I really have to give the credit to my incredible peer, Dilara Kiran. I had a pretty dark moment in graduate school where I became very disillusioned with the rigidity of academia. Although I was only at the halfway mark in my degree track, I was quickly realizing that pure bench research was not going to sustain me to the end of my PhD. I needed something else to be passionate about if I was going to survive, and I suspected being proactively involved in science advocacy could be my lifeline. So, I reached out to Dilara for clarity and guidance. In just our initial conversation alone, she introduced me to the phrases “science policy” and “science diplomacy.” She also pointed me towards NSPN, explaining that I could not only use the group to explore what science policy and diplomacy meant for my career, but also find solidarity, support, and community among fellow early-career researchers. She was absolutely correct on both accounts.

What science policy projects and/ or Committees are you working on that you are really excited about right now?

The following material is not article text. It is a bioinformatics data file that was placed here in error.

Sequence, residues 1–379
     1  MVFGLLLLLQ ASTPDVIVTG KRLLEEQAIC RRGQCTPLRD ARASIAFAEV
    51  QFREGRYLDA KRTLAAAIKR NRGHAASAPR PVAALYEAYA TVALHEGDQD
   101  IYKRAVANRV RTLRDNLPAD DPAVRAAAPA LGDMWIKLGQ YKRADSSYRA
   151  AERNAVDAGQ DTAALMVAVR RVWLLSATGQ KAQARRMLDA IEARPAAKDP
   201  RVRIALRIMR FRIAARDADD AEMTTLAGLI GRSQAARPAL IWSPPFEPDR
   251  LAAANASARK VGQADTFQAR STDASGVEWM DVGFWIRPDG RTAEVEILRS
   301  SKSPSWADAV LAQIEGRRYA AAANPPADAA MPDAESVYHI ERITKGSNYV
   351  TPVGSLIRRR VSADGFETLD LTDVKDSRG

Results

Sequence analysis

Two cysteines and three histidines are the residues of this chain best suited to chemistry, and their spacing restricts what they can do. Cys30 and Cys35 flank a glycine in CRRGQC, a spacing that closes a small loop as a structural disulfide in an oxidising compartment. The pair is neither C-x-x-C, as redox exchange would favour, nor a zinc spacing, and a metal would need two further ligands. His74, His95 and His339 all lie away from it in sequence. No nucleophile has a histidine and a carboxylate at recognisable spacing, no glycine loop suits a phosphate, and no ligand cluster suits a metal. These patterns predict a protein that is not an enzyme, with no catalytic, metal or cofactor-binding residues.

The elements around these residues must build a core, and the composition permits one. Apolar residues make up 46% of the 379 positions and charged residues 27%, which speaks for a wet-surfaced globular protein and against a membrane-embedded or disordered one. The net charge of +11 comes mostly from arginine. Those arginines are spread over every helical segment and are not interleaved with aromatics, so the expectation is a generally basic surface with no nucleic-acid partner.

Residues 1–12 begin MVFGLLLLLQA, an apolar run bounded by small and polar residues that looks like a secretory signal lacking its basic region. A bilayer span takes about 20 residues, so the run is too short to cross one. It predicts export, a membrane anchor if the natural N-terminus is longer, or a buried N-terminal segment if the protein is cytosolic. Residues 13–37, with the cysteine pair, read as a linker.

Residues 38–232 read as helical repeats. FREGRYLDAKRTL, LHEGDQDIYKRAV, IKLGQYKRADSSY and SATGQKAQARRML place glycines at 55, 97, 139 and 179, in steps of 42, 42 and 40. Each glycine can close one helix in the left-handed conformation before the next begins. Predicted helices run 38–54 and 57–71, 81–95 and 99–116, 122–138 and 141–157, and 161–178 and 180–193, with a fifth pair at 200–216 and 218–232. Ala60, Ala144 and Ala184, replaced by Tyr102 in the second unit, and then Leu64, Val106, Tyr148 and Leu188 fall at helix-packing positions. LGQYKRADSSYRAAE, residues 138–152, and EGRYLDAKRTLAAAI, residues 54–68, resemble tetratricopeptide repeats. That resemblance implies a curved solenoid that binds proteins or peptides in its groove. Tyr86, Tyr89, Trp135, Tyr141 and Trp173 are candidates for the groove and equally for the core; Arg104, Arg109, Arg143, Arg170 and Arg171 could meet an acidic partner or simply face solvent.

If I had to pick just one (a very hard task, as all NSPN projects that I’ve worked on have been an absolute blast and wonderful learning journey), I’d have to zero in on the Science at State working group within the Science Diplomacy Committee.

The COVID-19 pandemic is just one example among a litany of environment, science, technology, and health (ESTH) issues that have been at the forefront of recent international relations. Realizing this, a group within the Science Diplomacy Committee, called Science at State, embarked on a mission to encourage greater ESTH expertise to flow into the Department of State. Thus far, our approach has been multi-pronged. We’ve written a policy memo to the Biden-Harris transition team about how the Department of State can strengthen its diplomatic infrastructure and increase ESTH capacity. We even had the opportunity to advocate our ideas directly with a transition team representative.